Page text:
This also brings me to another argument I see lemmy devs making somewhat too often. That they don’t have anything to gain from a larger community and just get more headaches. I always felt this was a patently absurd statement!

The lemmy devs are making more than 3K a month from lemmy. Enough that they are claiming they’re working on lemmy full-time. These funds don’t come because they’re running or developing a single forum for themselves. They come because they provide the “playground schematic”. If the community splinters into other software than lemmy, naturally the funds going towards lemmy development will likewise dry up.

This statement is completely upside down. The more people there are using and hosting lemmy, the more the lemmy developers benefit.

I would argue, the people lemmy developers should be listening to most are exactly the people hosting lemmy instances. These are the people putting incalculable hours into running and maintaining the servers and often paying out of pocket per month, for giving a service to others. Each admin is basically free value to the lemmy developers.

My position is in fact is that this scales down like layers. Lemmy Admins need to listen to instance admins most. Instance admins need to listen to community mods most. And finally community mods should listen to their users most. In this way you create bottom-up feedback mechanism, that doesn’t overwhelm any single person easily and everyone has a chance to be heard.

In AI Horde, I follow a similar approach. The segment of my community I listen to the most is in fact not the ones who are giving me money. It’s the ones who are providing their free time and idle compute for no other benefit than their own internal drive: The workers. They are effectively using their time for the benefit the whole ecosystem, which indirectly benefits me most. Without the workers, there would practically be no AI Horde, even if I am the only remaining. Likewise, without lemmy admins, lemmy as a software would be dead, even if the people kept hosting forever.

So what can be done here. I think an important aspect here is to make sure we are talk in the same wavelength. Cutting down on miscommunication is very important to avoid exacerbating an already precarious situation.

Secondly, it’s totally understandable that lemmy devs don’t have enough time for everything. But likewise, there’s a ton of people who need safety features but can’t get them. As such, in my opinion priority should be put into making the frameworks that more easily allows people to extend lemmy functionality, even if it doesn’t match the lemmy developers visions, or immediate roadmap.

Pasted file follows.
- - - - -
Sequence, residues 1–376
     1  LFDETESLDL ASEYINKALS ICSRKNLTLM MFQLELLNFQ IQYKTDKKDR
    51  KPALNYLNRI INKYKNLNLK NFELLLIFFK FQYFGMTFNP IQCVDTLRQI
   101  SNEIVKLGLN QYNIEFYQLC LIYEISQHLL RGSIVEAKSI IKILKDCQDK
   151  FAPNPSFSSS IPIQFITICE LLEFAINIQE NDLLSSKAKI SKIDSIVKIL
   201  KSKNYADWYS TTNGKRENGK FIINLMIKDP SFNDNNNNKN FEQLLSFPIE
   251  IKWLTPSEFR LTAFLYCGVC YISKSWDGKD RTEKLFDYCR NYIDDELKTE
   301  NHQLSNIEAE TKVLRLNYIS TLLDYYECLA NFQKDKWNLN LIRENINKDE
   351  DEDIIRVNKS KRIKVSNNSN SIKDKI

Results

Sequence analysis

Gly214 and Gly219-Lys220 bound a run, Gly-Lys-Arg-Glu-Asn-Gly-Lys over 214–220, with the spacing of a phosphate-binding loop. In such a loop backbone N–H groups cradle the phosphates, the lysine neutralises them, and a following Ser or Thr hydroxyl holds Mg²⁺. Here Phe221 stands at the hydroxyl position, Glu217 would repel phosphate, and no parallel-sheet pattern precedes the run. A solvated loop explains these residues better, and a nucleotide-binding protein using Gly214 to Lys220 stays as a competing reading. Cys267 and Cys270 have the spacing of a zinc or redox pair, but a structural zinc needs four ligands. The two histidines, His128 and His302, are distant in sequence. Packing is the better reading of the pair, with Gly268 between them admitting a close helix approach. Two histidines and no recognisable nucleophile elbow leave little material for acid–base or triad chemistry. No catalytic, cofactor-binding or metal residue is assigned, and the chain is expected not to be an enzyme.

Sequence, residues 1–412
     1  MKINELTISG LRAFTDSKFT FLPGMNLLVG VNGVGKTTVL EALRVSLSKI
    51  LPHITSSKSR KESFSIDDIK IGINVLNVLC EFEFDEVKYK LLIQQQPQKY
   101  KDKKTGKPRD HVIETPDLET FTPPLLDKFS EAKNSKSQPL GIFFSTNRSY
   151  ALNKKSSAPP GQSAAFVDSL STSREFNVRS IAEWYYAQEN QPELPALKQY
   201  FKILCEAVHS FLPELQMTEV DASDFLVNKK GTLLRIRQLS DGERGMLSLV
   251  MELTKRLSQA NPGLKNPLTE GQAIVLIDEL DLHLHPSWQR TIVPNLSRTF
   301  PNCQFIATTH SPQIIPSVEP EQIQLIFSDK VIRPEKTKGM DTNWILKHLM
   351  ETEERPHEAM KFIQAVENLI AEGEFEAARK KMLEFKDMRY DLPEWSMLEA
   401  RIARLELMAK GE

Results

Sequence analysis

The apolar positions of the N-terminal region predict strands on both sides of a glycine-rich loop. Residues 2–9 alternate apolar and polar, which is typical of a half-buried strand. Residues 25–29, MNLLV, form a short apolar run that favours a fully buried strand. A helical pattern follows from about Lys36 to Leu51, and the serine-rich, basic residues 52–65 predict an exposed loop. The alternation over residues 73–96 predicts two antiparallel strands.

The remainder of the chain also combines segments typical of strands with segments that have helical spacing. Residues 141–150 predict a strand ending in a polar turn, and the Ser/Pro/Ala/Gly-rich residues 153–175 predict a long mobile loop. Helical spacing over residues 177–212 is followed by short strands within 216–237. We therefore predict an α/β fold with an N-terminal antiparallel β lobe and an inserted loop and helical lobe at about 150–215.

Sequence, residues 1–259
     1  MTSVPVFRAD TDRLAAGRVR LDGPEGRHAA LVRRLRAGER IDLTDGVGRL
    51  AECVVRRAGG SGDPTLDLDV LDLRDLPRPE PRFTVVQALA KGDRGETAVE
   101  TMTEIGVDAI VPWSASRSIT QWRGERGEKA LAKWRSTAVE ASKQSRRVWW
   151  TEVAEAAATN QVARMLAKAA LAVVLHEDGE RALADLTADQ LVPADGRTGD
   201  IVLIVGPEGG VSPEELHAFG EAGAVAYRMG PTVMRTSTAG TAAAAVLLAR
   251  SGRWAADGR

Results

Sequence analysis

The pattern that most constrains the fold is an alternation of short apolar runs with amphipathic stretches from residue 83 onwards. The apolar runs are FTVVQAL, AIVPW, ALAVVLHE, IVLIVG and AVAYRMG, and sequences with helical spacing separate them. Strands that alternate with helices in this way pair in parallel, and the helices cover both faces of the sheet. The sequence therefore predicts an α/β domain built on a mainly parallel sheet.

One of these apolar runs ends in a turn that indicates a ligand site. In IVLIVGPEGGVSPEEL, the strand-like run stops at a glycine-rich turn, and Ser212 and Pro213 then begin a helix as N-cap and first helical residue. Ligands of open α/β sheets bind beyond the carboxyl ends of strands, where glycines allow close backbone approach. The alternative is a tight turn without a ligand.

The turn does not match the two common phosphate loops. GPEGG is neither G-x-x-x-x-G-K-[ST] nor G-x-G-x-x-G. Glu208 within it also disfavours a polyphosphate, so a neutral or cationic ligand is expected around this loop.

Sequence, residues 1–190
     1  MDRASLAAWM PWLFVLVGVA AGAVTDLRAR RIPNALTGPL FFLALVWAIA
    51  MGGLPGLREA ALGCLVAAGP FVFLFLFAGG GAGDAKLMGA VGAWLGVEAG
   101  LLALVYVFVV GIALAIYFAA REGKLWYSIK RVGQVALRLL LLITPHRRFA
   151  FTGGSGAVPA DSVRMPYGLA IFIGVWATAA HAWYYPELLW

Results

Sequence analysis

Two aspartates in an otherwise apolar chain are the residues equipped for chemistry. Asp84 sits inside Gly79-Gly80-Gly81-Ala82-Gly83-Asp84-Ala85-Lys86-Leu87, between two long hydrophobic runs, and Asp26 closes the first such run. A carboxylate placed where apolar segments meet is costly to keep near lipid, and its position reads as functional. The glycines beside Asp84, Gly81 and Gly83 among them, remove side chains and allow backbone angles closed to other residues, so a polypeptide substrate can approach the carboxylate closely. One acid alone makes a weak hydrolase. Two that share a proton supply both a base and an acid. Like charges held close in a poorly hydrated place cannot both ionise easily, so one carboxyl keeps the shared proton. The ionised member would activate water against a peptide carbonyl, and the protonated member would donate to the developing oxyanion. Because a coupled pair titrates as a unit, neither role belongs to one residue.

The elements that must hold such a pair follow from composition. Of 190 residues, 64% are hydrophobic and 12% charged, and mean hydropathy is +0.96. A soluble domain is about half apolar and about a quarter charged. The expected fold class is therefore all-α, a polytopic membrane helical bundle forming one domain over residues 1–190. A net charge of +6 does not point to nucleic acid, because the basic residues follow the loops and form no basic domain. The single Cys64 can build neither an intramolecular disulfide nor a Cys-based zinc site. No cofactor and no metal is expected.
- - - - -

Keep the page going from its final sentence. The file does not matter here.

For this reason I strongly suggest that effort should be put into developing a plugin framework for lemmy. Ironic to suggest a completely different feature when the problem is too many things to do, but this specific feature is meant to empower the larger community to solve their own problems easier. So in the long term, it will massively reduce the incoming demands to the lemmy developers.

In the meantime, I do urge people to always consider that there’s always a human behind the monitor on the other side. A lot of time people don’t have the skills to effectively communicate what they mean, which is even worse in text form. We all need be a bit more charitable on what the other side is trying to say, especially when we’re trying to collaborate for a common FOSS project.

Fediseer: A Fediverse Chain of Trust

Recently I’ve started running my own lemmy instance, as part of my decoupling from Reddit, due to them speed-running enshittification.

The instance has been growing nicely and holding up very well indeed. but there’s dark clouds forming on the horizon, as more of more of the early adopters and people with principles are leaving that service and are looking for alternatives.

The first signs of trouble appeared when I noticed that the top instances in the Fediverse Observer were growing by thousands of users per day, but had very little activity to speak of, with few threads and barely any comments. This was a clear sign of botted accounts being generated by the thousands.

My initial reaction was to cook up a quick REST API and a complementing script which would allow instance admins to quickly de-federate from instances with this amount of botted accounts, as it would point to an instance with insufficient protection, and those account could easily be used in the future to spam others. A small pre-emptive measure. It’s not particularly sophisticated, but I wanted to get something out before trouble occurs.